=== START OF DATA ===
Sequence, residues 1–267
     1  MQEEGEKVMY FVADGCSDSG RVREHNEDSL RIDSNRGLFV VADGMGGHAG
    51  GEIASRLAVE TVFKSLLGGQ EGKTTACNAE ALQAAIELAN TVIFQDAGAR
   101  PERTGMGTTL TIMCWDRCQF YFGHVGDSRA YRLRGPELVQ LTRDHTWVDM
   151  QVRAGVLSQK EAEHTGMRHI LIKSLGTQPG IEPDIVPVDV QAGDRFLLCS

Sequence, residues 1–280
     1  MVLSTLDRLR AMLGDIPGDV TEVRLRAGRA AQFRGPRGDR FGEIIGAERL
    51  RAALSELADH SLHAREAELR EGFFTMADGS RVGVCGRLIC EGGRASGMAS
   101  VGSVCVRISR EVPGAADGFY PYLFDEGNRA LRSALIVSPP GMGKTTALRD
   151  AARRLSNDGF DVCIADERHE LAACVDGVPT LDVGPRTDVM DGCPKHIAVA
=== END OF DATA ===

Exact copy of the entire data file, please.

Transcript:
Sequence, residues 1–267
     1  MQEEGEKVMY FVADGCSDSG RVREHNEDSL RIDSNRGLFV VADGMGGHAG
    51  GEIASRLAVE TVFKSLLGGQ EGKTTACNAE ALQAAIELAN TVIFQDAGAR
   101  PERTGMGTTL TIMCWDRCQF YFGHVGDSRA YRLRGPELVQ LTRDHTWVDM
   151  QVRAGVLSQK EAEHTGMRHI LIKSLGTQPG IEPDIVPVDV QAGDRFLLCS

Sequence, residues 1–280
     1  MVLSTLDRLR AMLGDIPGDV TEVRLRAGRA AQFRGPRGDR FGEIIGAERL
    51  RAALSELADH SLHAREAELR EGFFTMADGS RVGVCGRLIC EGGRASGMAS
   101  VGSVCVRISR EVPGAADGFY PYLFDEGNRA LRSALIVSPP GMGKTTALRD
   151  AARRLSNDGF DVCIADERHE LAACVDGVPT LDVGPRTDVM DGCPKHIAVA